B.C First Nations Studies by Kenneth Campbell, Charles Menzies, Brent Peacock

By Kenneth Campbell, Charles Menzies, Brent Peacock

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Training begins at birth and proceeds through the stages of life. As people mature, they take on more responsibilities in teaching. The extended family took responsibility for caring for children and encouraging them to discover and learn about life. In most First Nations societies, children were raised in an atmosphere of tolerance, without criticism or direct control of the child’s behaviour. In this way, young children learned to think independently and become self-sufficient.

Most plants could be easily harvested by hand or with simple tools. Berries were picked and placed in woven baskets. Digging sticks were made to collect root vegetables and trees were felled by chopping with adzes or controlled burning around the base. In some areas, plants were tended to ensure a better crop; for example, on southern Vancouver Island, where camas fields were maintained by controlled burning. Sometimes materials were harvested from living trees. One cedar plank might be split off a standing tree.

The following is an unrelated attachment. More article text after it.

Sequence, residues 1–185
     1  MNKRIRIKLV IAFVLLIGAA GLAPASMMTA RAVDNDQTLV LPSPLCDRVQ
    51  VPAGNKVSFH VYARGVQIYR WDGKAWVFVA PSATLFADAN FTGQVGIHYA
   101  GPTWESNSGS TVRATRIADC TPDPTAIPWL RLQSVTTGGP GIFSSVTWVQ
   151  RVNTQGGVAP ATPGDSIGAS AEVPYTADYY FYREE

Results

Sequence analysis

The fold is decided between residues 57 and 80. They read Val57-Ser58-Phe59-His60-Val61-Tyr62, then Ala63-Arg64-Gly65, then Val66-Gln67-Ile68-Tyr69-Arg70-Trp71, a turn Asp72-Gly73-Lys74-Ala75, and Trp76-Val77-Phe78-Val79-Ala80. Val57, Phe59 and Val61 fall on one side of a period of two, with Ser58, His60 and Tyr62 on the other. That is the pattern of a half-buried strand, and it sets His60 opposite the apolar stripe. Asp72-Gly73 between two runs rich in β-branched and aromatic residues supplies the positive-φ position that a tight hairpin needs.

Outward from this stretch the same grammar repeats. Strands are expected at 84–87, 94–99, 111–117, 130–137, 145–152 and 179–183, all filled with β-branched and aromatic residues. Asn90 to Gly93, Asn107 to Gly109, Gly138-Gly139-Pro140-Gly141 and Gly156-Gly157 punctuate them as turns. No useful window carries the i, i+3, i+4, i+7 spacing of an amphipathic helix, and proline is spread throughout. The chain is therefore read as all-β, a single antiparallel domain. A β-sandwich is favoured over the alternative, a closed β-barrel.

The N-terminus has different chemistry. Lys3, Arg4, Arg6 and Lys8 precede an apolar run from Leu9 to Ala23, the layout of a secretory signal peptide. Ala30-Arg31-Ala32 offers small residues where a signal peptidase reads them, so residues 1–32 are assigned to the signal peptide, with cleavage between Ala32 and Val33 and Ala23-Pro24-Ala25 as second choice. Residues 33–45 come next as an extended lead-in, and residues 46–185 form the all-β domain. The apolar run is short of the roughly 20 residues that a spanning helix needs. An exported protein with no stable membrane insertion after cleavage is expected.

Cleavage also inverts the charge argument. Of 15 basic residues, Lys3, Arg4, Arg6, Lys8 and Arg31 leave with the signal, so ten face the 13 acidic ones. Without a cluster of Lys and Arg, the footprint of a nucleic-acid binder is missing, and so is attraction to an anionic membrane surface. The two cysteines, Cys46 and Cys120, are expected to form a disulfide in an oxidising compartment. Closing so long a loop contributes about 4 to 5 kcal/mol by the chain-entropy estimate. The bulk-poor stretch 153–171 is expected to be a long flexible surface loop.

C. First Nations Studies Peak in the Ulkatcho. The third is in Oregon. Scientists can analyze obsidian samples and identify the source of obsidian found in archeological sites. With carbon dating, they can tell when the rock was traded and how far it travelled. The study of obsidian tells us that goods have been traded throughout British Columbia for 8,000 years. Most trade was probably between neighbouring nations for items that were less accessible or unavailable in their home territories. For example, the Nuu-chah-nulth traded dried halibut, herring, and cedar baskets to the Coast Salish of Vancouver Island in exchange for camas bulbs and swamp rushes for mats.

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